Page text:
Math - 2018-19

4.3 - Decimals

The student will

a)   read, write, represent, and identify decimals expressed through thousandths;

b)   round decimals to the nearest whole number;

c)   compare and order decimals; and

d)   given a model, write the decimal and fraction equivalents.*

*On the state assessment, items measuring this objective are assessed without the use of a calculator.

Adopted: 2016


  • When given a model, I can see that fractions, and decimals represent the same quantity in different forms

  • So that I can understand that the use of decimals is important when I count money, look at price tags, read an odometer, and see the remaining time in sports  

  • If you work as a carpenter or a builder, you will need to use decimals when measuring or  cutting materials as well as completing home projects


  • Decimal numbers expand the set of whole numbers and, like fractions, are a way of representing part of a whole.
  • The structure of the base-ten number system is based upon a simple pattern of tens, where each place is ten times the value of the place to its right.  This is known as a ten-to-one place value relationship (e.g., in 2.35, 3 is in the tenths place since it takes ten one-tenths to make one whole).  Use base-ten proportional manipulatives, such as place value mats/charts, decimal squares, base-ten blocks, meter sticks, as well as the ten-to-one non-proportional model, money, to investigate this relationship.
  • A decimal point separates the whole number places from the places that are less than one.  A number containing a decimal point is called a decimal number or simply a decimal.
  • To read decimals,
    • read the whole number to the left of the decimal point;
    • read the decimal point as “and”;
    • read the digits to the right of the decimal point just as you would read a whole number; and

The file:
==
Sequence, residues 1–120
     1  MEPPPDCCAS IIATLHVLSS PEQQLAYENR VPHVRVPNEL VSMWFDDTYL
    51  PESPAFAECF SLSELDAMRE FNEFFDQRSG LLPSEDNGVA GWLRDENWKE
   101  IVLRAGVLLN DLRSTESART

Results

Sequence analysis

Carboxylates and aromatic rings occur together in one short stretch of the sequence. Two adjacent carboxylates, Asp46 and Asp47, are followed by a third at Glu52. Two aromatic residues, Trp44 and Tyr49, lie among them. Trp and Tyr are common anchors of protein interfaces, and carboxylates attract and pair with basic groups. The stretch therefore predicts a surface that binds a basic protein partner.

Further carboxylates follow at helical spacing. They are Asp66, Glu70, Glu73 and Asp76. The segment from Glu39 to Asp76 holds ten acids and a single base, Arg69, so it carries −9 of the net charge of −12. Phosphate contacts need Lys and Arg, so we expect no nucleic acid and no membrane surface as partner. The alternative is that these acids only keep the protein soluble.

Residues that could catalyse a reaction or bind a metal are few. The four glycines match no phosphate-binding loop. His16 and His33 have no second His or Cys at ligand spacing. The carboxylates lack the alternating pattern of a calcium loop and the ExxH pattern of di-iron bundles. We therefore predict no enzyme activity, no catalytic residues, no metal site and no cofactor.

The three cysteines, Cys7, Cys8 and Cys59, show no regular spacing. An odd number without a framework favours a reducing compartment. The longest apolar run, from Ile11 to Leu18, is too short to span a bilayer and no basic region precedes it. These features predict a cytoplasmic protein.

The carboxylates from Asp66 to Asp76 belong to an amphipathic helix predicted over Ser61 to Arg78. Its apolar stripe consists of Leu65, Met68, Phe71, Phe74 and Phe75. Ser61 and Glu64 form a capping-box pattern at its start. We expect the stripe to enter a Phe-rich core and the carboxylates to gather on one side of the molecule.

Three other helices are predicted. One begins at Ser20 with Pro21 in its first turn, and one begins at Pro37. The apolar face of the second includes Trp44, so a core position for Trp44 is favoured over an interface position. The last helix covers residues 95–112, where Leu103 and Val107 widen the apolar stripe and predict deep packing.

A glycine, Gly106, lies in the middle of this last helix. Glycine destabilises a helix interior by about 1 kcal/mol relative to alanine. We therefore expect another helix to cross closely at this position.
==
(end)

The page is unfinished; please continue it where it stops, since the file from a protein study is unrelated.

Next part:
• say the name of the place value of the digit in the smallest place.
  • Any decimal less than 1 will include a leading zero. For example 0.125 which can be read as “zero and one hundred twenty-five thousandths” or as “one hundred twenty-five thousandths.”
  • Decimals may be written in a variety of forms:
    • Standard:  26.537
    • Written:  twenty-six and five hundred thirty-seven thousandths
    • Expanded:  20 + 6 + 0.5 + 0.03 + 0.007.
  • Strategies for rounding whole numbers can be applied to rounding decimals.
  • Number lines are useful tools when developing a conceptual understanding of rounding with decimals.  When given a decimal to round to the nearest whole or ones place, locate it on the number line.  Next, determine the two whole numbers it is between. Then, identify to which it is closer.
  • Base-ten models concretely relate fractions to decimals (e.g., 10-by-10 grids, meter sticks, number lines, decimal squares, decimal circles, money).
  • Decimals and fractions represent the same relationships; however, they are presented in two different forms. The decimal 0.25 is written as 1/4.  


The student will use problem solving, mathematical communication, mathematical reasoning, connections, and representations to

  • Read and write decimals expressed through thousandths, using base-ten manipulatives, drawings, and numerical symbols. (a)

  • Represent and identify decimals expressed through thousandths, using base-ten manipulatives, pictorial representations, and numerical symbols (e.g., relate the appropriate drawing to 0.05). (a)

  • Identify and communicate, both orally and in written form, the position and value of a decimal through thousandths (e.g., given 0.385, the 8 is in the hundredths place and has a value of 0.08. (a) 

  • Investigate the ten-to-one place value relationship for decimals through thousandths, using base-ten manipulatives (e.g., place value mats/charts, decimal squares, and base-ten blocks). (a) 

  • Round decimals expressed through thousandths to the nearest whole number. (b)

  • Order a set of up to four decimals, expressed through thousandths, from least to greatest or greatest to least. (c)

  • Compare two decimals expressed through thousandths, using symbols (>, <, =, and ≠) and/or words (greater than, less than, equal to, and not equal to). (c)

  • Represent fractions for halves, fourths, fifths, and tenths as decimals through hundredths, using concrete objects. (d)

  • Relate fractions to decimals, using concrete objects (e.g., 10-by-10 grids, meter sticks, number lines, decimal squares, decimal circles, money). (d)

  • Write the decimal and fraction equivalent for a given model (e.g.,  1/4 = 0.25 or 0.25 = 1/4 ; 1.25 =  or 1 1/4). (d)


Updated: Oct 09, 2018